Tuesday, July 25, 2017

Amazon is Not the Problem

The American mall, that symbol of the 1980s, is going away. People who once took haunting photographs of failing Detroit, have now moved on to taking haunting photographs of semi-abandoned shopping malls. (Here’s hoping they next move on to taking pictures of the offices of congresspersons who have been voted out of office.)

People, some of whom are actually writers—a subset within that who are even good writers—have written articles to lament the disappearance of these malls. Somewhere in the article, and in most other articles about the state of the American retail front, there will be a statement or two blaming the problem on the behemoth known as Amazon.

Can I offer another side to this argument?

It’s not Amazon’s fault.

No, I’m not saying Amazon is perfect. Neither am I saying that I’m happy these other companies are going out of business (and putting my friends and neighbors out of work). I’m just saying that if it hadn’t been Amazon, it would have been someone else. (For grins, look up an international company called AliBaba and then tell me Amazon’s the problem.)

Go back 80 to 100 years and look at the American neighborhood. Every neighborhood had one (or sometimes more than one) grocery store. It was about the size of our modern convenience store, but it had groceries and sometimes a few sundries. But then came super-markets, which drove the little stores out of business (and I’m sure there were articles in the paper then saying this was the apocalypse for American retail). Service stations got replaced by convenience stores, photo developers got replaced by digital cameras and personal printers, and newspapers are getting replaced by the web. And one of these days, something will probably replace Wal-Mart and Amazon—whether something bigger and less personal or smaller and more friendly, I have no idea (but it will be interesting to see).

For anyone sitting here thinking, “Amazon’s too big to go away”, that was probably said about the above-mentioned industries. The thing is: things change. Right now, Amazon (Bezos) has been the beneficiary of spotting the change and jumping on it at the right time. He might continue doing that for the rest of his life, but the odds are that one of these days Amazon/Bezos will miss some indicator someone else saw and another company or industry will jump to the fore. Amazon will lay people off or Wal-Mart will close stores or Love’s will shutter some convenience stores. Yes, it will be hard on some people, and I’m not trying to discount that, but it’s not necessarily anything sinister.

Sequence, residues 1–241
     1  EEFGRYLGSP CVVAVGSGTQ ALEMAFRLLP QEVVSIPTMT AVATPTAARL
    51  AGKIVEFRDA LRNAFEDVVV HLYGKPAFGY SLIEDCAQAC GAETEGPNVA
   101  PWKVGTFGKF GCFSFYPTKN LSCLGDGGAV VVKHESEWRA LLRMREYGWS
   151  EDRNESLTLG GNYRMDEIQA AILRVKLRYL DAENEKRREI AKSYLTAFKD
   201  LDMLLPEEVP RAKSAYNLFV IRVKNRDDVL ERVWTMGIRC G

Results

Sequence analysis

It's Not Amazon's fault.

It’s just the way the world is.

Friday, July 7, 2017

Comic Books Are Not Comical

One of the many modern industries that is questioning how to maintain its existence is that of the manufacture and sale of comic books. This may come as a surprise to you, partly because there are so many comic book-based movies these days and partly because you didn’t realize they were still making comic books.

And therein, I contend, is the problem. But let me build to that for a few more sentences.

Comic books have been around for a long time, and their sales are actually up by some metrics. One slice of the problem is that there are so many slices. When you think of comic books—if you think of them at all (and probably don’t, which is part of the industry’s problem) is that you think of DC with Superman and Batman and Wonder Woman, and Marvel with Spider-Man and Captain America. But there are actually several other comic book companies, including Dark Horse, Image, and more. Each of these companies is producing multiple titles, so that in any given month the comic book fan could easily purchase more than a hundred different books.

See, part of the problem is that the percentage of the population who buys and reads comic books has remained fairly steady (increasing alongside the increase of the population in general). The uber-fan of thirty years ago, even a person of modest means, could have gone to their local place of comic purchase and bought all of the Marvel books for that month. The person of more modest means, or just more narrow fandom, could purchase all the books about their favorite character each month. Now, though, with comic books costing $3+ apiece,  its cheaper to eat at Saltgrass Steakhouse once a month than keep up with all the Spider-Man books. You multiply this problem across the demographic of people who buy comic books and it means that even though the number of buyers may have increased from forty years ago, the choices and costs have also increased so each individual title is competing for its share of the market and find their slice of the pie to be very thin.